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Published estimates that have NOT fully taken into account ALL of the problems that afflict the uncircumcised have found that on average the amount per circumcision across all ages versus mean lifetime medical costs in those not circumcised either work out about the same or slightly favor circumcision [70, 120, 210]. In one of these analyses it was stated that if the rate of surgical complications from circumcision was less than 0.6% or if risk of penile problems in uncircumcised males exceeded 17% (cf. the then current baseline of 14%) then circumcision would be preferred on a cost and lifespan basis . These analyses, some now a little dated, did not consider a variety of other conditions such as prostate cancer, chlamydia, cervical cancer, genital herpes, inflammatory dermatoses, physical, as well as sexual and other problems in uncircumcised men and their partners. When these conditions are factored in, then the cost of non-circumcision would greatly exceed that of circumcision.
For UTI, although 1-year cumulative incidence in circumcised and uncircumcised boys is 0.22% vs 2.15%, respectively, the mean inpatient/outpatient facility costs of treatment are $703 vs $1,179 (i.e., taken together, cost is 17 times higher for the uncircumcised) .
Cost of treating penile cancer was stated in 1991 as $5000 per year . And even back in 1980, the cost for treatment and lost earnings in a man of 50 with cancer was $103,000 . The costs are very much greater today.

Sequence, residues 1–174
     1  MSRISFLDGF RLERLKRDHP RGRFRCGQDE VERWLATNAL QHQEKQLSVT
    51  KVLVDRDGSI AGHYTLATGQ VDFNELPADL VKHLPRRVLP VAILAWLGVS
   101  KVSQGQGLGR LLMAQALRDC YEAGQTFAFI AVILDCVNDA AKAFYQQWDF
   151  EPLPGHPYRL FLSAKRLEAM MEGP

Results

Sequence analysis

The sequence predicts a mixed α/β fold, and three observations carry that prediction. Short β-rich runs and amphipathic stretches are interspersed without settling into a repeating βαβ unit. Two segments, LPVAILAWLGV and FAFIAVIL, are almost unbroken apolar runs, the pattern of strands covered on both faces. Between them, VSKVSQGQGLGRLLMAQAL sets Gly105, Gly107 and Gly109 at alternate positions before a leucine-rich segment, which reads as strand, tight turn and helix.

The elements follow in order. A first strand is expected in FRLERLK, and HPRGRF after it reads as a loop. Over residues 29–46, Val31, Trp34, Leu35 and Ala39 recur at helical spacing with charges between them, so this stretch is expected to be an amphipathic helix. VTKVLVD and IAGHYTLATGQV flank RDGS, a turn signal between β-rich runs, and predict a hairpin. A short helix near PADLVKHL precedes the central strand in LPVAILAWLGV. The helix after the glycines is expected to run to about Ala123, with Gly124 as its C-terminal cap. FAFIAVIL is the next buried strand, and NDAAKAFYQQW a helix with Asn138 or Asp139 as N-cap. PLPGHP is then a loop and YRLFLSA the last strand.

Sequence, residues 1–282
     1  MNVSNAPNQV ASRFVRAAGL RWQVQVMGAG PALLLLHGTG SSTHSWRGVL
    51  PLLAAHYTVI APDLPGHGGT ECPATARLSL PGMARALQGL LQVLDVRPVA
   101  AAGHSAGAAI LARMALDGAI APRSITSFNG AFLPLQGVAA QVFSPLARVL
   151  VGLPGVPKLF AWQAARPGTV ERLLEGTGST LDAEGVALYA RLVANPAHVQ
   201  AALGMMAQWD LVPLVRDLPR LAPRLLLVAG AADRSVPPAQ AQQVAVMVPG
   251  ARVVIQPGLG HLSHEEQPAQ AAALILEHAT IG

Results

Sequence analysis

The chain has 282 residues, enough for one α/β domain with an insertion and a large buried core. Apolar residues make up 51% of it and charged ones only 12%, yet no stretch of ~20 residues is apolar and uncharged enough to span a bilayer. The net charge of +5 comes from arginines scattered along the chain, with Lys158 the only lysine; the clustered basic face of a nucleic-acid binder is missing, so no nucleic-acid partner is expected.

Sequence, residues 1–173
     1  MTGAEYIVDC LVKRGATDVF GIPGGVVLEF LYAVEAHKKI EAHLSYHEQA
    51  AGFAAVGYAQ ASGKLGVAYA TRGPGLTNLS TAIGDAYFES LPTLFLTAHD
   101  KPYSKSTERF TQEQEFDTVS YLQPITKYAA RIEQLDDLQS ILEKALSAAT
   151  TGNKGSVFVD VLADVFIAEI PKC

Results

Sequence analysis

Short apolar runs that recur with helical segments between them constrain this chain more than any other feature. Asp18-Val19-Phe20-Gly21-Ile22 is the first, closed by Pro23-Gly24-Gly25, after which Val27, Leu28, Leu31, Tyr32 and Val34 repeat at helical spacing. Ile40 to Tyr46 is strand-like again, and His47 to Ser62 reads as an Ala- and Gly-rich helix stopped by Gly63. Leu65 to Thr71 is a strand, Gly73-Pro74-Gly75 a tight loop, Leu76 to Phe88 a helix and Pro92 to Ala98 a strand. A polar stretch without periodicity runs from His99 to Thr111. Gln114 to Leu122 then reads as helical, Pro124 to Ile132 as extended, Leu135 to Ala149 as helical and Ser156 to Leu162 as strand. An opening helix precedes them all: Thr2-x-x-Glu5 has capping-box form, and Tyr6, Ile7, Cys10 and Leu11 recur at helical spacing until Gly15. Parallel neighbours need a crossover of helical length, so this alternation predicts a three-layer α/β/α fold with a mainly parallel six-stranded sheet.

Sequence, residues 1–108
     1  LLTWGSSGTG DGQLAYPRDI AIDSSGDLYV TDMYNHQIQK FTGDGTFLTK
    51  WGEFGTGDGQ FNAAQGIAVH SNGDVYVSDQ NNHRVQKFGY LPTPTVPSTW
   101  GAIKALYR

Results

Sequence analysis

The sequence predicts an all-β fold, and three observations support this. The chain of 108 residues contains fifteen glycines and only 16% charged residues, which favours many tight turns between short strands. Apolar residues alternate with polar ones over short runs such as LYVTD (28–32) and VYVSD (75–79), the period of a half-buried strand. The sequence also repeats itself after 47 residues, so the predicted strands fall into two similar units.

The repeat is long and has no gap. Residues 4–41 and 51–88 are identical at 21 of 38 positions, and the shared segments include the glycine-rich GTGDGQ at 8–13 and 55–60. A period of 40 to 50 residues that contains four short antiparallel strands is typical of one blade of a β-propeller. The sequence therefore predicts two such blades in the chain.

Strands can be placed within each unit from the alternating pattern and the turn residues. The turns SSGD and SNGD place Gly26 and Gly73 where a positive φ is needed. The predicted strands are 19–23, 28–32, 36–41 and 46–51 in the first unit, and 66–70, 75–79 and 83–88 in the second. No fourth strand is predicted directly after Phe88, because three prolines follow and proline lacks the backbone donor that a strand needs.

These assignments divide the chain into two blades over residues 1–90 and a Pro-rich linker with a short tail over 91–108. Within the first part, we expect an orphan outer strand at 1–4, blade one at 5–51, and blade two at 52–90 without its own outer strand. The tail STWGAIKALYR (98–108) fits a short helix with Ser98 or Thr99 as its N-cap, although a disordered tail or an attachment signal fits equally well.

In the case of prostate cancer alone, annual cost (US$3 billion) is over 10 times the cost of the 2 million neonatal circumcisions each year in the USA . If one adds all of the other conditions in males (shown in the diagram preceding `Conclusions' at end) cost is far greater than 10-fold. If one adds to this the costs in females (cervical cancer, pelvic inflammatory disease, infertility, ectopic pregnancy), then the medical cost of lack of circumcision becomes astronomical. On top of this is the emotional cost to those affected and their families.
The reader should be aware that one particular `cost-utility analysis'  has been severely criticized  and should be disregarded.
Everyone has a right to ensure a healthy penis. Many who seek a doctor to circumcise themself or their child may be doing so because of a medical problem. However, most merely want what is best, be it prevention of future problems or esthetics. These are all valid reasons for requesting circumcision. A medical complaint, even if minor, should help reduce the overall cost by providing a return on a claim to a health insurance provider, if not covered by the health system of the country in which it is done.